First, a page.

David Kirkpatrick

October 20, 2009

Why FISA never needed reform in the first place

I’ve already done a post today on this excellent article by Julian Sanchez on the Obama administration and how it’s retaining some of the Bush administration’s overreaching tools for use in the “global war on terror.” So far the Obama administration has been a disappointment in not rolling back the beating U.S. civil liberties took in the Bush administration’s  panicked response to 9/11.

And as it turns out — and that I’ve argued repeatedly — the tools to fight international terrorists were firmly in place before 9/11, they were just implemented with Keystone Kop level competence.

From the second link:

The FISA Amendments Act is the successor to an even broader bill called the Protect America Act, which similarly gave the attorney general and director of national intelligence extraordinary power to authorize sweeping interception of Americans’ international communications. It was hastily passed in 2007 amid claims that the secret FISA Court had issued a ruling that prevented investigators from intercepting wholly foreign communications that traveled across US wires. Former Director of National Intelligence Michael McConnell even claimed that FISA’s restrictions had rendered it impossible to immediately eavesdrop on Iraqi insurgents who had captured several American soldiers. The New York Post quoted tearful parents of the captured men expressing their horror at the situation and a senior Congressional staffer who alleged that “the intelligence community was forced to abandon our soldiers because of the law.”

Yet as a Justice Department official later admitted, the FISA law clearly placed no such broad restriction on foreign wire communications passing through the United States; rather, there had been a far more narrow problem involving e-mails for which the recipient’s location could not be determined. And as James Bamford explained in his essential 2008 book, The Shadow Factory, the delay in getting wiretaps running on the suspected kidnappers was the result of a series of missteps at the Justice Department, not the limits of FISA — no surprise, since even when FISA does require a warrant, surveillance may begin immediately in emergencies if a warrant is sought later. (The suspected kidnappers, by the way, turned out not to have been the actual kidnappers.) Yet on the basis of such claims, a panicked Congress signed off on almost limitless authority to vacuum up international communications — authority that we already know has resulted in systematic “overcollection” of purely domestic conversations, and even resulted in the interception of former President Bill Clinton’s e-mails.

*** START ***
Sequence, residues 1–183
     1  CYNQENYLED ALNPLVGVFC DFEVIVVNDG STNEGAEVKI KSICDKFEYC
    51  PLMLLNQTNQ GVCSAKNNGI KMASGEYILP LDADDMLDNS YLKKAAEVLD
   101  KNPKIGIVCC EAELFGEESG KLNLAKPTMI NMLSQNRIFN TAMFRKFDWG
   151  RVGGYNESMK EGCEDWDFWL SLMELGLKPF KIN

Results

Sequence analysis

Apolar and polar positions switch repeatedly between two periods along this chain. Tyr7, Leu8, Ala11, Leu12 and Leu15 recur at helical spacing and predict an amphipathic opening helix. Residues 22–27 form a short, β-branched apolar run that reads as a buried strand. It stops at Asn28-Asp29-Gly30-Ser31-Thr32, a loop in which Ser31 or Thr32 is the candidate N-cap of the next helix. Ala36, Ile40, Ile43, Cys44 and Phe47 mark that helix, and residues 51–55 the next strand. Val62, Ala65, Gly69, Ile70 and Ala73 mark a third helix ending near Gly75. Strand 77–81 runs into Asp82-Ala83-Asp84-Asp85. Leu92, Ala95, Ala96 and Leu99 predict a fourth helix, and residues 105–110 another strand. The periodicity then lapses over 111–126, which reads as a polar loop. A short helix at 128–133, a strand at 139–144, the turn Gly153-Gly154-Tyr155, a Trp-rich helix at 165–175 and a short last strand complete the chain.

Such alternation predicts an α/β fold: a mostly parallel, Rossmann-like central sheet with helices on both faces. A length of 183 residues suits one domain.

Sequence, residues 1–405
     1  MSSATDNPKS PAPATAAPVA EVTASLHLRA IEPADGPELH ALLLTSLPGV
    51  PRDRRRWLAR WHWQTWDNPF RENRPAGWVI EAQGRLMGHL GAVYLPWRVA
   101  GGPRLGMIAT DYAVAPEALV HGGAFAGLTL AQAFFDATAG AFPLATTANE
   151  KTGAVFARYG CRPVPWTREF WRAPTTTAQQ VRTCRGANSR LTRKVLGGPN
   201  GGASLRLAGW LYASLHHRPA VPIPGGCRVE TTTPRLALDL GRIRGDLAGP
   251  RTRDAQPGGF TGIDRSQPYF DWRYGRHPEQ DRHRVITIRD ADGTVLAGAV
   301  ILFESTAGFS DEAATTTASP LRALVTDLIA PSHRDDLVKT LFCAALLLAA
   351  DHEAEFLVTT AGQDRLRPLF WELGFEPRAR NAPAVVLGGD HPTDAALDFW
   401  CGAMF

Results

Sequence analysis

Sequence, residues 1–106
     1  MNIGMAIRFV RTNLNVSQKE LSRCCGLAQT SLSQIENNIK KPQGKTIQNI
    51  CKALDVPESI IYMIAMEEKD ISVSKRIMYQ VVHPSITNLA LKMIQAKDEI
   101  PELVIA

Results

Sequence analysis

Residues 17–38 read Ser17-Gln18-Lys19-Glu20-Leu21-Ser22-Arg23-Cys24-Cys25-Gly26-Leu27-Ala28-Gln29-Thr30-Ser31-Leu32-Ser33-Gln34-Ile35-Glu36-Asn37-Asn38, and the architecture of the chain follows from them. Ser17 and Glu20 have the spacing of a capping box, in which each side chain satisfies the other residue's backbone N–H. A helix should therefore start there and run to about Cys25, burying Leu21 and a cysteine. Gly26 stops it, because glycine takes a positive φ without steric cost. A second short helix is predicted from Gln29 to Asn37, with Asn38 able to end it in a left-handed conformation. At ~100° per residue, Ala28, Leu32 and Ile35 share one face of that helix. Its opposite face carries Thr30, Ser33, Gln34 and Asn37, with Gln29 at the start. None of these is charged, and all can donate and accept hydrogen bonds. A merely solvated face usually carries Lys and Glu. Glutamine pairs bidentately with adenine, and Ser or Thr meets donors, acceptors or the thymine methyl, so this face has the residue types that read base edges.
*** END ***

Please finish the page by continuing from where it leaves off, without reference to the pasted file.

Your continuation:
1 Comment »

  1. […] — Here’s another post on this article. Leave a […]

    Pingback by Rhetoric v. reality in the Obama White House « David Kirkpatrick — October 20, 2009 @ 3:08 pm


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